Listing 29.6  world2.wrl--Creating Compound Objects with the Transform Node

#VRML V2.0 utf8
WorldInfo {
    info "Special Edition, Using HTML, 4th Edition"
}
Background {
    skyColor 1 1 1
}
#
# The Ground
#
Shape {
    appearance Appearance {
        material Material {
            diffuseColor 0 0.75 0 
        }
    }
    geometry IndexedFaceSet {
        coord Coordinate {
            point [ -5 0  5,
                     5 0  5,
                     5 0 -5,
                    -5 0 -5 ]
        }
        coordIndex [ 0, 1, 2, 3, -1 ]
    }
}
#
# The House
#
Transform {
    translation -2.5 1 -3
    children [
        Shape {
            appearance Appearance {
                material Material {
                    diffuseColor 0 0 0 
                }
            }
            geometry Box { size 2.3333 2 1.3333 }
        }
        Transform {
            translation 0 1 0
            children [
                Shape {
                    appearance Appearance {
                        material Material {
                            diffuseColor 0 0 1
                        }
                    }
                    geometry IndexedFaceSet {
                        solid FALSE
                        coord Coordinate {
                            point [
                                -1.5 0 -1,
                                -1.1667 1 -0.6667,
                                1.5 0 -1,
                                1.1667 1 -0.6667,
                                1.5 0 1,
                                1.1667 1 0.6667,
                                -1.5 0 1,
                                -1.1667 1 0.6667
                            ]
                        }
                        coordIndex [
                            0, 2, 4, 6, -1,
                            1, 3, 5, 7, -1,
                            0, 2, 3, 1, -1,
                            2, 4, 5, 3, -1,
                            4, 6, 7, 5, -1,
                            6, 0, 1, 7, -1
                        ]
                    }
                }
            ]
        }
    ]
}

FIG. 29.9
Creating compound objects in VRML makes it much easier to create and manipulate complex scenes.

With the ability to create compound objects, we can add the rest of the elements to our VRML world--a tree made up of a sphere and a cylinder, and the wishing well made up of two cylinders. Listing 29.7 shows the new VRML code to produce these objects, and the resulting scene is shown in Figure 29.10.

Listing 29.7  world3.wrl (excerpt)--Completing the VRML World

#VRML V2.0 utf8
WorldInfo {
    info "Special Edition, Using HTML, 4th Edition"
}
Background {
    skyColor 1 1 1
}
#
# The Ground
#
Shape {
    appearance Appearance {
        material Material {
            diffuseColor 0 0.75 0 
        }
    }
    geometry IndexedFaceSet {
        coord Coordinate {
            point [ -5 0  5,
                     5 0  5,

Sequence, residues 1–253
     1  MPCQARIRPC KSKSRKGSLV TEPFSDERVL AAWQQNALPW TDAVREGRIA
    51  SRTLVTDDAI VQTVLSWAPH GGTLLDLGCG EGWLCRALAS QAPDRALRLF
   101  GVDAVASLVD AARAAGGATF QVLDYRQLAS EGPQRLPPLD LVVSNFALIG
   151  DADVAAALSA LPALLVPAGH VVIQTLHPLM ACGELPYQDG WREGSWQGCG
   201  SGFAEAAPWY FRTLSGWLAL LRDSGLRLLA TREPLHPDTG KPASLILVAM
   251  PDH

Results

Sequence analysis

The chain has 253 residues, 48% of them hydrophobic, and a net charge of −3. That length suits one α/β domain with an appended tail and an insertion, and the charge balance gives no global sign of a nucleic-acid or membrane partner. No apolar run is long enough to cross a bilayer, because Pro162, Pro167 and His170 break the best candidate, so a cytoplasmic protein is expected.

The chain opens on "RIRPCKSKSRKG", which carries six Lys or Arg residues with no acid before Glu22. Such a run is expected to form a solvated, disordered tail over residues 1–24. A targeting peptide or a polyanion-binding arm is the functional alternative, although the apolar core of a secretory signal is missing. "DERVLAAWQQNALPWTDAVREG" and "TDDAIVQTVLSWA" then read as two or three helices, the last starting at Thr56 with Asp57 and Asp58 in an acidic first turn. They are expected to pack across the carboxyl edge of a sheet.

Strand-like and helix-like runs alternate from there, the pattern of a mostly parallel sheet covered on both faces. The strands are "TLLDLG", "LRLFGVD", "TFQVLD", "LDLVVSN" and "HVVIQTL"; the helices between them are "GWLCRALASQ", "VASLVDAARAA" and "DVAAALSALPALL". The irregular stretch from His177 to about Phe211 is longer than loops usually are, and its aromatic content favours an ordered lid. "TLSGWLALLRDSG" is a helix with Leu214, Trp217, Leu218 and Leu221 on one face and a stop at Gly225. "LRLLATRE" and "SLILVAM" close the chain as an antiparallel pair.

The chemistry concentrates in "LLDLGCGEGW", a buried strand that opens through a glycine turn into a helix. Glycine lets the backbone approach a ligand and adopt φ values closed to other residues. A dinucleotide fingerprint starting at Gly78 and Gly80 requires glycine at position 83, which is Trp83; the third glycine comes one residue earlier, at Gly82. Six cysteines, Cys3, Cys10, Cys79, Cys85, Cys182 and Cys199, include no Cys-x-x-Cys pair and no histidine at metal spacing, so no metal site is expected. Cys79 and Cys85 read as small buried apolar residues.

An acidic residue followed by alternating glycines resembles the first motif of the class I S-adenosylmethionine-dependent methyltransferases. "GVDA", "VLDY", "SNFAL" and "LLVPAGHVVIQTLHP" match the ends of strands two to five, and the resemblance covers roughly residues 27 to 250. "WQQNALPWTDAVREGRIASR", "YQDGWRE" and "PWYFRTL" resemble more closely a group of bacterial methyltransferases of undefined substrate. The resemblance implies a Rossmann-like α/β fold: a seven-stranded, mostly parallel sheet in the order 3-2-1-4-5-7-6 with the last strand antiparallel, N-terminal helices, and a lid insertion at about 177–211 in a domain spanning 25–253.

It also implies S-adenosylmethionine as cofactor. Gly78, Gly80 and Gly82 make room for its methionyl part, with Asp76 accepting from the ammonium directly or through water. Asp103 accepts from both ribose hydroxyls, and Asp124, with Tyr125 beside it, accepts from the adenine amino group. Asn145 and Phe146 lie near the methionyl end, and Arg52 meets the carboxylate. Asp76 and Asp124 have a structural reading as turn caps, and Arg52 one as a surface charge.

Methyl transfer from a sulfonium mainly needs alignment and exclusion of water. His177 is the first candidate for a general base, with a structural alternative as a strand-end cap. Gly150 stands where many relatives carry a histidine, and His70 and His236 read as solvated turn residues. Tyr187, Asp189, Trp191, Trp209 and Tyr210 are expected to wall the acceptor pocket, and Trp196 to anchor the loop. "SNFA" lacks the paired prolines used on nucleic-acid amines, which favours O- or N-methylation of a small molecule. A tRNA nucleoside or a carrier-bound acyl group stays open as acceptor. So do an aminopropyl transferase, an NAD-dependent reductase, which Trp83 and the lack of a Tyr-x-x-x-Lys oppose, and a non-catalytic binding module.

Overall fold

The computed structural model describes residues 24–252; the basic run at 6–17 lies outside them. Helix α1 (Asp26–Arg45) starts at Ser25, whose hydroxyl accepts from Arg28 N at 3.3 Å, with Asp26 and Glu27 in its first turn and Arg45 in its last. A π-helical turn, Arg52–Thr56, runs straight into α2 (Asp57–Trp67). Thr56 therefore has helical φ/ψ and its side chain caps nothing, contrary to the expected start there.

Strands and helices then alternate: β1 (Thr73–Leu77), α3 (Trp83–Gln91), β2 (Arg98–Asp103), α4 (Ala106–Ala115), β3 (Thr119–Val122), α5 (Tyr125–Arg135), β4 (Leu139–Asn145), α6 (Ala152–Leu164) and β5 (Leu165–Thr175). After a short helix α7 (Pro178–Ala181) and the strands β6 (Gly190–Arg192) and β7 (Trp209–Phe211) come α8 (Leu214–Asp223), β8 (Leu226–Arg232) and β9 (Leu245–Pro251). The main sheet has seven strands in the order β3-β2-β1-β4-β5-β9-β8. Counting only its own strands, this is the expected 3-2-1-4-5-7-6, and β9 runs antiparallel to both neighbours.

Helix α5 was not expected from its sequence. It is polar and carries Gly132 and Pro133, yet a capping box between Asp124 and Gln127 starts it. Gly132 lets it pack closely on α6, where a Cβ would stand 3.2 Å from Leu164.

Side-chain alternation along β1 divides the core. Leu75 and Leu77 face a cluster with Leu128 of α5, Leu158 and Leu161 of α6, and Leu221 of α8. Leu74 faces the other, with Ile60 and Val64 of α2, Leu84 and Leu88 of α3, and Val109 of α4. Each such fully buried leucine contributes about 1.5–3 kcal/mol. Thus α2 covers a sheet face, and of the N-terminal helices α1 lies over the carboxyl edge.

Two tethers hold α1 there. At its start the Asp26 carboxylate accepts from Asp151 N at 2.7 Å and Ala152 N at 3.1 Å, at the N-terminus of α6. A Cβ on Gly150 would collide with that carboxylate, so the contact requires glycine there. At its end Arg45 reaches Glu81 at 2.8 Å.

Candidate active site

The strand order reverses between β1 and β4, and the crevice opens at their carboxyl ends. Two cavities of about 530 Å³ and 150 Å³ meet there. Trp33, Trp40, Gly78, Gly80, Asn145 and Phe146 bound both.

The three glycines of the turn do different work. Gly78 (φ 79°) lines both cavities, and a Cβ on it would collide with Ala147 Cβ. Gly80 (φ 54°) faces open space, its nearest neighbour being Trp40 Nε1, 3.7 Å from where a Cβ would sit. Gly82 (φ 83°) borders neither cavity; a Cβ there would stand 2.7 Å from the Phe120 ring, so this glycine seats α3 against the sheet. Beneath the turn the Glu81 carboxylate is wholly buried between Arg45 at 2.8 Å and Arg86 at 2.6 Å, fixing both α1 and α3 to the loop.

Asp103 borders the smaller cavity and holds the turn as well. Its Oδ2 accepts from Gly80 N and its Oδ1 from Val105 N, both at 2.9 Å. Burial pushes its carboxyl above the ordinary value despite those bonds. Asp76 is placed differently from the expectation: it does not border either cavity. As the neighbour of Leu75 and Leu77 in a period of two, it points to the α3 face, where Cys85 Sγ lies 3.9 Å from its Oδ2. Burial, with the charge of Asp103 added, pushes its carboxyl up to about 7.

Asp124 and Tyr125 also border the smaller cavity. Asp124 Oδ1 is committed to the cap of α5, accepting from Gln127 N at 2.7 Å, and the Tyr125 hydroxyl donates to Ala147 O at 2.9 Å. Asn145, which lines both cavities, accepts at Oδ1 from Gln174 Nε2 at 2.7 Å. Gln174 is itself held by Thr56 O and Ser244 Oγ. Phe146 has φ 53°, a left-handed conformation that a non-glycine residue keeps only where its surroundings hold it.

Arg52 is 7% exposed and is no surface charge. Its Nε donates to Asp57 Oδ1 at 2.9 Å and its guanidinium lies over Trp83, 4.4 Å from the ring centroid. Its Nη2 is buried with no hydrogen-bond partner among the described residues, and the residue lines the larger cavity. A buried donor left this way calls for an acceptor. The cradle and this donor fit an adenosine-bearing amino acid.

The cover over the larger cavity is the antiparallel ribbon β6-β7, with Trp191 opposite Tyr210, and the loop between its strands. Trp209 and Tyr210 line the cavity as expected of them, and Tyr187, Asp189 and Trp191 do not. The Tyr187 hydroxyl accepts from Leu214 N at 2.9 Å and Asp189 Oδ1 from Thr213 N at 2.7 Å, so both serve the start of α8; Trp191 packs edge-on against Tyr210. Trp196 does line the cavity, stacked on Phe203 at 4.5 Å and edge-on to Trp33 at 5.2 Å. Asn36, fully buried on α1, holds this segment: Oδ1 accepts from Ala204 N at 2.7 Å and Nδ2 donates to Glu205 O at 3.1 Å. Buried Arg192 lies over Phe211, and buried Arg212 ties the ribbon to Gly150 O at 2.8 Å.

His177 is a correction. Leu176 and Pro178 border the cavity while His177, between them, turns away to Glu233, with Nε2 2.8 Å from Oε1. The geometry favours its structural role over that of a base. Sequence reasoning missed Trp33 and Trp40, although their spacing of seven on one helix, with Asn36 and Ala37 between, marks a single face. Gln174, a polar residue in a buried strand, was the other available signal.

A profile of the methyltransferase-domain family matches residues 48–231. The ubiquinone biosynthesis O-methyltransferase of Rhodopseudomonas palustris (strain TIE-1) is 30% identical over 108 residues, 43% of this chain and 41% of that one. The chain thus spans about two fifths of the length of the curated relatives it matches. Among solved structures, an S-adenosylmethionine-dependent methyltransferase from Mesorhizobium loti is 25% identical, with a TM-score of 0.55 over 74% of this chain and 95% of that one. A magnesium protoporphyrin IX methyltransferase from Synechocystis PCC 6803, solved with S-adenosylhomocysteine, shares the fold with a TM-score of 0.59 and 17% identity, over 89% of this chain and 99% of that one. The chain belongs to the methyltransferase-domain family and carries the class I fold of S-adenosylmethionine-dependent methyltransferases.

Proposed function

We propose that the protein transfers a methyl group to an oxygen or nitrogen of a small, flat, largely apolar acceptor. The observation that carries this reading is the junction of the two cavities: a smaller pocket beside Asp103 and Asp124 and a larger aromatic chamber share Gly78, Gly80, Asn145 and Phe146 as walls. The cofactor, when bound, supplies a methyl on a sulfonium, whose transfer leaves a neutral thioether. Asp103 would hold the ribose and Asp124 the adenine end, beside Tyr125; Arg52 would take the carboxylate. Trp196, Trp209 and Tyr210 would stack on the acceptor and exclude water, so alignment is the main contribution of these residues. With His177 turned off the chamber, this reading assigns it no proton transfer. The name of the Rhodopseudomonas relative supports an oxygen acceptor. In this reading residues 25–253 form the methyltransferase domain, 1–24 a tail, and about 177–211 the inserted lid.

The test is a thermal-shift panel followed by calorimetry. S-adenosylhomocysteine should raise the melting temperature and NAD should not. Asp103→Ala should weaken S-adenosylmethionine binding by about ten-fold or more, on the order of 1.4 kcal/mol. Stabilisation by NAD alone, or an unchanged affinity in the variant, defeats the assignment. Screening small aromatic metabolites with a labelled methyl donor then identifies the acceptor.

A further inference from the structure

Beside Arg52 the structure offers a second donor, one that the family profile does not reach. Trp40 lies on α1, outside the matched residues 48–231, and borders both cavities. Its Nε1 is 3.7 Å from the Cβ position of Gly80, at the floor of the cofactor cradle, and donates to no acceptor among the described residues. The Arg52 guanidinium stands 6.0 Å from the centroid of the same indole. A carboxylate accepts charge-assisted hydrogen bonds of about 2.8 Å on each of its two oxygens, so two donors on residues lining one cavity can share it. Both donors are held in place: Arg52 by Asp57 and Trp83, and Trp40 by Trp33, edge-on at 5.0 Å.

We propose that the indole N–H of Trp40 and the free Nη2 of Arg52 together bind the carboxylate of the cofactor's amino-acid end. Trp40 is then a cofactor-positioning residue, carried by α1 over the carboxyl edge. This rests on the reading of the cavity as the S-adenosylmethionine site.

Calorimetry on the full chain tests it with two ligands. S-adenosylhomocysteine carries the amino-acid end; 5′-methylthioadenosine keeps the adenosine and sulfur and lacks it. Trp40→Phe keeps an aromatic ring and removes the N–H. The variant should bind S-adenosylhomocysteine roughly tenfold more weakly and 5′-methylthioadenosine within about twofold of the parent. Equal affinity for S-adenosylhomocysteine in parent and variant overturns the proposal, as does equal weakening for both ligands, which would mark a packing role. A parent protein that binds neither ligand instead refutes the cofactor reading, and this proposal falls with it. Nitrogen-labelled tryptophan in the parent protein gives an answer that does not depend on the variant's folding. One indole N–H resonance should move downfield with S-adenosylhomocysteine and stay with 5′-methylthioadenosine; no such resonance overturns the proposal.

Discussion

5 0 -5,
                    -5 0 -5 ]
        }
        coordIndex [ 0, 1, 2, 3, -1 ]
    }
}
#
# The House
#
Transform {
    translation -2.5 1 -3
    children [
        Shape {
            appearance Appearance {
                material Material {
                    diffuseColor 0 0 0 
                }
            }
            geometry Box { size 2.3333 2 1.3333 }
        }
        Transform {
            translation 0 1 0
            children [
                Shape {
                    appearance Appearance {
                        material Material {
                            diffuseColor 0 0 1
                        }
                    }
                    geometry IndexedFaceSet {
                        solid FALSE
                        coord Coordinate {
                            point [
                                -1.5 0 -1,
                                -1.1667 1 -0.6667,
                                1.5 0 -1,
                                1.1667 1 -0.6667,
                                1.5 0 1,
                                1.1667 1 0.6667,
                                -1.5 0 1,
                                -1.1667 1 0.6667
                            ]
                        }
                        coordIndex [
                            0, 2, 4, 6, -1,
                            1, 3, 5, 7, -1,
                            0, 2, 3, 1, -1,
                            2, 4, 5, 3, -1,
                            4, 6, 7, 5, -1,
                            6, 0, 1, 7, -1
                        ]
                    }
                }
            ]
        }
    ]
}
#
# The Tree
#
Transform {
    translation 2.5 1.5 -1.5
    children [
        Shape {
            appearance Appearance {
                material Material {
                    diffuseColor 0.5 0.25 0
                }
            }
            geometry Cylinder {
                radius 0.1667
                height 3
            }
        }
        Transform {
            translation 0 1.5 0
            children [
                Shape {
                    appearance Appearance {
                        material Material {
                            diffuseColor 0 1 0
                        }
                    }
                    geometry Sphere {
                        radius 1.5
                    }
                }
            ] 
        }